For a really great explanation and analysis of the developmental trajectory of the UAE (i.e. its history, politics, and government), please check out the United States Department of State Background Notes on the UAE at http://www.state.gov/r/pa/ei/bgn/5444.htm. Unfortunately, because we don’t have as much time here as we did in Oman, I’m not going to be able to completely analyze the political construct of the country for you like I did previously. But I’ll do my best to tell you what I do know!

After our brief introduction to the UAE, we shifted to a discussion about the Arab Spring/Awakening. I’m going to preface this with the following: I’m still trying to understand the many events, people, places, interactions, and conflicts that form what people are referring to as the “Arab Spring,” and might better be referred to as an Arab Awakening. I am not an expert on this in any way shape or form. In fact, I can say with confidence that I came into this very aware of the fact that I did not know as much as I want to about the Arab Spring, and so this will be a learning experience for all of us. I left today with a resolve to start reading and researching more about the many political episodes and interactions that characterize this period in Middle Eastern history, and I as soon as I can actually form an educated summary of everything that I understand to be happening, I will share it with you. But for now, I’ll share some of what we discussed today and what I’m still grappling with.

American interest is currently shifting from Israel/Palestine to the Gulf. As we start to examine the political happenings and interests in the Gulf and throughout the region (aside from Israel and Palestine) more closely, we must keep in mind a few critical ideas. First, the roles of God and religion, oil, water, and weapons of mass destructions must be part of the discourse about the Gulf and the Middle East in general. Second, there is an overarching theme of the “clash of civilizations,” be that between the West and Islam, Christianity and Islam, or Judaism and Islam, among others, of course.

What we are looking at could be the start of an Arab Muslim “cold war” of sorts in the Middle East that is directly linked to America. Some of the major authoritarian regimes that were brought down in the recent revolutions throughout the region, including Egypt, Tunisian, Yemen, and others, were tied to the United States by America’s interest in things such as oil. However, as these Sunni regimes fell and America began supporting the people of the countries rather than the overthrown regimes, other countries with authoritarian Sunni leadership in the region such as Saudi Arabia and Bahrain became wary of Washington as a reliable partner. Not to mention all of this is occurring while the United States is embroiled in a heated election cycle itself, which is perpetuating the idea that Washington is distracted and can’t be relied upon.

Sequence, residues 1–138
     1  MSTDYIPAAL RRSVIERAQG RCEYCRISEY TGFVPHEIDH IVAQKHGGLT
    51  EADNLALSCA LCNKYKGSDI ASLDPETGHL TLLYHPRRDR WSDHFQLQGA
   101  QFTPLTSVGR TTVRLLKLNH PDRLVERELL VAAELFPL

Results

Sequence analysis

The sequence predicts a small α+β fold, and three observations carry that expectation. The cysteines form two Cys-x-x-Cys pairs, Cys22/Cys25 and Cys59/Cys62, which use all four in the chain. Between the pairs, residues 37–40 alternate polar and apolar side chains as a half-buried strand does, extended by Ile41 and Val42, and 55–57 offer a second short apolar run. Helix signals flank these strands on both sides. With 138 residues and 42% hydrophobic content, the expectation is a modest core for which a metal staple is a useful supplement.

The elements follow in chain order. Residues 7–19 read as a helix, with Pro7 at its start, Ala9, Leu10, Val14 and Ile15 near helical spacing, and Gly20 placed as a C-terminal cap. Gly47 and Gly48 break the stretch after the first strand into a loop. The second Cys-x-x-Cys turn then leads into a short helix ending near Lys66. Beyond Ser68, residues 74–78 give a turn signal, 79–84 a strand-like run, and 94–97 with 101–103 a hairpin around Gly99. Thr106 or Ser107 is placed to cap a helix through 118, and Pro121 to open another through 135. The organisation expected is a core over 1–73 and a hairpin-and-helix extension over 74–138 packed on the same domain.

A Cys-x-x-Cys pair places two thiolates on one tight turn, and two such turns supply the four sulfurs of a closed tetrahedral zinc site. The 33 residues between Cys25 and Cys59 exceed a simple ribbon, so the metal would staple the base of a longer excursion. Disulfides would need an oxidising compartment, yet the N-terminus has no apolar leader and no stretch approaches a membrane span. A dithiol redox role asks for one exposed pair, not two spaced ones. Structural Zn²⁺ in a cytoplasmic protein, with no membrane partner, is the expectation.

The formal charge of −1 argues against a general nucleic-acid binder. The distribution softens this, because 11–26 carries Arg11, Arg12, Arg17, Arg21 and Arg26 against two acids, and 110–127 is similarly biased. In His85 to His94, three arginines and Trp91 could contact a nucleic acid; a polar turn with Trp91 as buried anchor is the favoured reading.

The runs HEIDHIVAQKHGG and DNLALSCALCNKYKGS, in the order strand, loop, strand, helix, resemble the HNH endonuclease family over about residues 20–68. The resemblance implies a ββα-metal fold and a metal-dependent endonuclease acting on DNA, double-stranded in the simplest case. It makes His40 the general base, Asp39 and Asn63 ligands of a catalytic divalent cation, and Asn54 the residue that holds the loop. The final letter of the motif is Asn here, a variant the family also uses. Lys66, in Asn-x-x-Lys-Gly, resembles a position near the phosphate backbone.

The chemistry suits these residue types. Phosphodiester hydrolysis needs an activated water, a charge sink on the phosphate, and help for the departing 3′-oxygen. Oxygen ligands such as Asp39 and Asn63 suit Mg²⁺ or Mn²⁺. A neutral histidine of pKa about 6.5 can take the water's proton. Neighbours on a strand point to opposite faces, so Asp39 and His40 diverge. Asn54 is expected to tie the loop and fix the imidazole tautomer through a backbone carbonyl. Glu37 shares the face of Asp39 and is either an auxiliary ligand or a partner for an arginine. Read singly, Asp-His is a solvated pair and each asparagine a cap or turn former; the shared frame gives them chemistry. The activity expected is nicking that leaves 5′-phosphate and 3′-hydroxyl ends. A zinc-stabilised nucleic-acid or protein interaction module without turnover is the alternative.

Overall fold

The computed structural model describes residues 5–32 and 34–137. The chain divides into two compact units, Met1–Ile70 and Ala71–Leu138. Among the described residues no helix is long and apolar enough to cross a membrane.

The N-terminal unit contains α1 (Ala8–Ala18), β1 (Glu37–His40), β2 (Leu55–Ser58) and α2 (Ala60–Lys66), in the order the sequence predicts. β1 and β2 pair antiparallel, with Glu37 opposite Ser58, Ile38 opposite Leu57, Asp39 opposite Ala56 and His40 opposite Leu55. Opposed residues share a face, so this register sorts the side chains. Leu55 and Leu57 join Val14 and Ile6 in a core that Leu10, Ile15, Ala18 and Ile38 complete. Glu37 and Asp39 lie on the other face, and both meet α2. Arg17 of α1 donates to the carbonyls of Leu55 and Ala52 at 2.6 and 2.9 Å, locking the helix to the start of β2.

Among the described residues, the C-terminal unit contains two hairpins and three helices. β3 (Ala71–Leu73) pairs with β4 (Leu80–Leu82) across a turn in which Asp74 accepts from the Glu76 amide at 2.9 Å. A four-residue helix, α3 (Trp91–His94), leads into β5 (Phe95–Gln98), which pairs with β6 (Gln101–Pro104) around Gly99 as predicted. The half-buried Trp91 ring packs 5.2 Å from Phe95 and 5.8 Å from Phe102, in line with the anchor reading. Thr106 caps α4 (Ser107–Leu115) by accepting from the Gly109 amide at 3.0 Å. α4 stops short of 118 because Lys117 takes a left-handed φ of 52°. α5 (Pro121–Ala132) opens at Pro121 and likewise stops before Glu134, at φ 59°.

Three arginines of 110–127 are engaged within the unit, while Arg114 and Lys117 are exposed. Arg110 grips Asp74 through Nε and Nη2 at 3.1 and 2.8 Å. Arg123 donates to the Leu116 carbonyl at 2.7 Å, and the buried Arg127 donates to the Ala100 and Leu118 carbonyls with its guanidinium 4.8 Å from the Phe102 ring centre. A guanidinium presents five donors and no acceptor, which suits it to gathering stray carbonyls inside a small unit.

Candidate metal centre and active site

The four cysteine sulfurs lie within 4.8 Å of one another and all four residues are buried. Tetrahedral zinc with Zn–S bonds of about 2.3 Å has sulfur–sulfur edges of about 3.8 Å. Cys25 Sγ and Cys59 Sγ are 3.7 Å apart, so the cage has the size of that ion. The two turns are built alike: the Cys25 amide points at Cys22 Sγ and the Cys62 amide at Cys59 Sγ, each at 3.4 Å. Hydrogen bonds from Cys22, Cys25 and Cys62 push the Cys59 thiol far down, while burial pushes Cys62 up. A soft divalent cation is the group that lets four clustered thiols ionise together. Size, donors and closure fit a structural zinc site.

Saudis are now looking for possible ways that a new Sunni movement can exist independent of Washington in an effort to protect themselves. In theory, they are looking to loosen ties with American without being anti-American. As part of a new Sunni movement, Egypt, under the possible leadership of the Muslim Brotherhood, could play an important part (although there has historically been tension between the Saudis and the Brotherhood as well). However, Egypt has its own issues with a run-off election coming up between candidates representing the Muslim Brotherhood on one side and the autocratic military power that characterized the Mubarak regime, but without Mubarak of course, on the other.

So where does that leave all of this? In extremely oversimplified terms, there’s a two-sided struggle emerging with the remaining autocratic Sunni leaders, Egypt under the Brotherhood (possibly), Hamas, Jordan, and the Gulf (all moving away from America toward other rising powers) on one side, against Iran, Hezbollah, Syria, and Lebanon (sort of) on the other. Again, this is totally oversimplified and my very basic understanding of this issue from our lecture today that I’m still trying to piece together. But from what I understand, the next big battle to be played out is over Syria in trying to determine who will replace the minority Assad regime and where the country is headed. This is especially of interest in light of the current political climate in Syria and the massacres occurring there. Turkey, Saudi Arabia, and Egypt are forming a sort of Sunni coalition to keep Iran in check throughout all of this as well.